SaferWorldbyDesign: Trusted reproducible evidence supporting data-driven decisions
This blog post presents a collection of perspectives that elaborate our vision of reliable and reproducible science supporting product and risk assessment as presented by us this year at the Precision Health conference co-organized by MCBIOS and MAQC.
The described best practices of data science combined with modelling, machine learning, and AI guides our development of trusted SaferWorldbyDesign knowledge infrastructure and solutions development providing an ecosystem and toolset oriented towards enabling our customers to make the best decisions they can with all available evidence. Scientific reproducibility requires that data analyses and, more generally, scientific claims and regulatory evidence be published with data and software code so that others may verify the findings and build upon them. We are pursuing approaches to implement trusted reproducible in silico workflows and enhancing their acceptance, including community and collaboration approaches supported by SaferWorldbyDesign. Our goal is to establish best practices for tracking and reporting modern in silico data analyses in a trusted reproducible manner and obtaining community convergence on emerging best practices for the generation, evaluation, and acceptance of evidence. We hope these developments will contribute to solutions to resolving the current challenges in reproducibility in science broadly but also for the practical preparation and submission of evidence by industry practitioners for a regulatory science evaluation purpose. A trusted tamper-free framework for evidence generation and communication should help industries follow the guided trusted paths they wish to stay on with regulators and society over the longer term.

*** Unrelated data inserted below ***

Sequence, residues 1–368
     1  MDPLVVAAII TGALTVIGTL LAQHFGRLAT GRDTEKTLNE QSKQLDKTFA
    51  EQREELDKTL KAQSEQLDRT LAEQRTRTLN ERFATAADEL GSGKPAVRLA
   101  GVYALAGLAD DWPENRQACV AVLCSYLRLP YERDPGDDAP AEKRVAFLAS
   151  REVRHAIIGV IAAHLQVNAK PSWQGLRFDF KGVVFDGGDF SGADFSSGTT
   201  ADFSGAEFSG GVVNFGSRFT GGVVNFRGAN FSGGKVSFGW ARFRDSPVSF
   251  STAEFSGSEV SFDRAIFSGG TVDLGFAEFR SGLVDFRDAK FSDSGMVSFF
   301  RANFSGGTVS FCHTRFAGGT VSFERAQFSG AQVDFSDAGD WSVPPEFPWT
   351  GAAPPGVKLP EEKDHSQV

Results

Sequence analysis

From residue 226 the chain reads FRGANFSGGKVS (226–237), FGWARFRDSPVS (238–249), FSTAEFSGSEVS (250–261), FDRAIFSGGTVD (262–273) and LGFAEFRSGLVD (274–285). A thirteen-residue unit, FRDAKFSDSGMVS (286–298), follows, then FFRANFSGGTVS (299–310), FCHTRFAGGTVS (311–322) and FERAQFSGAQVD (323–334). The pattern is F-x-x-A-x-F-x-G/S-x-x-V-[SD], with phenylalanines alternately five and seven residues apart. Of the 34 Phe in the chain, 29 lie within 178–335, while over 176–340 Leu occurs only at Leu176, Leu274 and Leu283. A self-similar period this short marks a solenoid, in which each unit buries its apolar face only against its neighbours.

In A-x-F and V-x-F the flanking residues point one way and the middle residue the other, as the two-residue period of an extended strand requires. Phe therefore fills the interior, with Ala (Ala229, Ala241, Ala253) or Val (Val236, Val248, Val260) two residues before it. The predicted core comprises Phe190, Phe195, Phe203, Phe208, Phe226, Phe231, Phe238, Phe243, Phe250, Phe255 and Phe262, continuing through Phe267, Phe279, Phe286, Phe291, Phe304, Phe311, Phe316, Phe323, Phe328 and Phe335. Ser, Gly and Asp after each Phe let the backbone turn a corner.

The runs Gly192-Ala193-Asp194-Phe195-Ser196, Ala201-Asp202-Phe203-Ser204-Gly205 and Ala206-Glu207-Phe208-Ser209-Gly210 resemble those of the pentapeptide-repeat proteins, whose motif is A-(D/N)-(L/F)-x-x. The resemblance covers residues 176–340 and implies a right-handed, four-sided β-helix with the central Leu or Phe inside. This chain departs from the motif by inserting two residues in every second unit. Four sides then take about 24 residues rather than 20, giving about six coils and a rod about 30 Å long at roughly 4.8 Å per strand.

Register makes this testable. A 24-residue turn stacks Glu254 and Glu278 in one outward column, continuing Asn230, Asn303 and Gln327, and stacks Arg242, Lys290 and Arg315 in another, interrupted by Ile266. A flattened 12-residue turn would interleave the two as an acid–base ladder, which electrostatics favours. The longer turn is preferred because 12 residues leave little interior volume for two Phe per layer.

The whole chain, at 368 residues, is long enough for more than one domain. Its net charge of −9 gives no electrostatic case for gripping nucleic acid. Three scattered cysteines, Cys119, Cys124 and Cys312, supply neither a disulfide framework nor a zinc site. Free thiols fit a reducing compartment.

SaferSkin: principles we are following in building a trusted reproducible app for skin safety
Presenter: Barry Hardy (Edelweiss Connect)
Trusted Interpretation of Machine Learning Methods
Presenter: Dawer Jamshead (Vertex Labs)
Blockchain in the evaluation of new products including food, drugs, medical devices, and consumer goods
Presenter: Daniel Burgwinkel (KRM Competence Center, Switzerland)
Data reproducibility and in silico modeling: the impact of data curation on machine learning models to reduce animal testing
Presenter: Vinicius M. Alves, University of North Carolina